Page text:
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How Technology Messes with Sleep and What You Can Do About It

Photo+Credit%3A+Creative+Commons+Licensed
Photo Credit: Creative Commons Licensed

Photo Credit: Creative Commons Licensed

Photo Credit: Creative Commons Licensed

Emma Lymn, Guest writer. Editor of Health Grinder

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Laptops, tablets, and cellphones are essentials for any college student. With the heavy workload and tight deadlines, you just can’t live without them. But, using them, especially late at night, may be the reason why you’re having problems sleeping

Make no mistake, technology offers incredible benefits for learning. In its 2016 Digital Study Trends Survey of over 3,300 respondents, the McGraw-Hill Education company found that 81% of college students said that digital technology helps them get better grades, be more effective and efficient. Moreover, nearly 70% of them agree that digital learning improves their ability to focus.

Unfortunately for most students, putting down their digital device can be hard. This seems especially true come bedtime. Research shows that about two-thirds of college students and post-grads use their electronic devices immediately prior to sleep. This puts them just behind teens between the ages of 13 and 18 as the worst offenders (72%).

The biggest problem with using electronic devices right before bedtime is the light emitted from their screens. This light, called blue light, refers to its color in the visible light spectrum. It is one of the shortest, highest-energy wavelengths. As a result, it tends to flicker more than longer, weaker wavelengths. This flickering is what causes digital eye strain, which is the discomfort you experience when staring at the TV or computer screen for long periods of time. Besides eye strain can also produce headaches and fatigue.

In addition to its physical and mental effects, blue light has also been proven to suppress the body’s production of melatonin. Melatonin is one of the hormones that help regulate our body’s circadian rhythm. As a result, it messes with your regular sleep-wake pattern. This is one reason why reading print books are better than digital e-readers especially late at night.

Another problem with using devices close to bedtime is that they keep your mind stimulated. This is true whether you’re studying or checking emails.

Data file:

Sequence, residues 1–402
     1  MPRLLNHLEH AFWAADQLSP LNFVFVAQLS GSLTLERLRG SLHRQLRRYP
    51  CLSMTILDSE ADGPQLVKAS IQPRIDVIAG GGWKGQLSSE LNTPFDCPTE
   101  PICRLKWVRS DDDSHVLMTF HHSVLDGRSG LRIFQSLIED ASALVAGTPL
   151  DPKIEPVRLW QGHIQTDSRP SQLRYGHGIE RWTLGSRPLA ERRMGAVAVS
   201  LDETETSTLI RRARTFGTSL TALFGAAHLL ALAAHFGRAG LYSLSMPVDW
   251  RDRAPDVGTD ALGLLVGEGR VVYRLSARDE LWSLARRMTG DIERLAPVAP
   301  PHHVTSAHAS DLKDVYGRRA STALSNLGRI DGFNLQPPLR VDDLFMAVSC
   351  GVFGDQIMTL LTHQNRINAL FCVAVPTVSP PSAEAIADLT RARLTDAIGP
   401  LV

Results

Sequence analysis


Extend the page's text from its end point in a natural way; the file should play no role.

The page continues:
Both aren’t issues during the daytime. But, they can cause insomnia and other sleep problems when done right before going to bed. For this reason, health experts suggest putting down your electronic devices 2 to 3 hours before you plan on calling it a night. This limits your exposure to blue light and allows your mind to wind down and get ready for sleep. Doing so will help you sleep better through the night.

Finally, there’s the beeps and rings from notifications. Our phones notify us of every text message, email or alert from our apps. While these may not seem like much, they’re enough to keep you from falling asleep. Often, they can wake you up in the middle of the night, disrupting your slumber. Our penchant for checking our phones every time a notification alert comes up doesn’t help either as this makes our minds very aware of the beeping, ringing or vibrations the phone makes.

Some of the negative effects of sleep deprivation obvious. You feel tired the next day. You’re more irritable and moody. Plus, you have a higher risk of making mistakes and getting into accidents.

What many aren’t aware of is that research shows that lack of sleep is associated with poor academic performance. This is because in addition to its physical effects, sleep debt affects your brain’s ability to function. This includes poor memory, inability to focus and reduced creativity to name a few.

Not getting enough sleep has also been shown to weaken your immunity. Thus, making you more prone to getting sick. Additionally, it makes you more likely to gain weight.

For these reasons, taking preventive measures to avoid the negative effects of technology on sleep can help students get healthier and perform better in class.

By far the simplest way to do so is putting your digital device down. While difficult to do, shutting them off an hour before bedtime lets your body recover from the light’s exposure.

If you absolutely can’t do without your phone or laptop, then try reducing your screen’s brightness level. How much blue light disrupts your sleep depends on several factors. Among them are how long you look at the screen and how much exposure you’ve had in the last few hours. Therefore, quick glances on your phone doesn’t do as much harm as reading several chapters on your device.

Similarly, interactive activities like playing video games or doing homework on your device keeps your mind more engaged. This prevents it from winding down and getting ready for sleep. On the other hand, passive activities such as watching TV and scanning through social media feeds are far less engaging. That’s because they don’t require your mind to actively think about anything. Thus, making them better options before bedtime if you absolutely can’t stay away from your device.

Finally, to make sure that you aren’t disturbed or tempted to pick up your device late at night, turn notifications off. Keeping your phone in silent mode or turning notifications off prevents alerts from disturbing your sleep. If there are important messages you need to receive, using the “do not disturb” setting is a good way to go. This feature is available on iPhones and Android devices. It allows you to choose which notifications you’ll be able to receive through the night. In doing so, you’re able to respond to urgent alerts like emergencies and leave the rest to deal with in the morning.

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How Technology Messes with Sleep and What You Can Do About It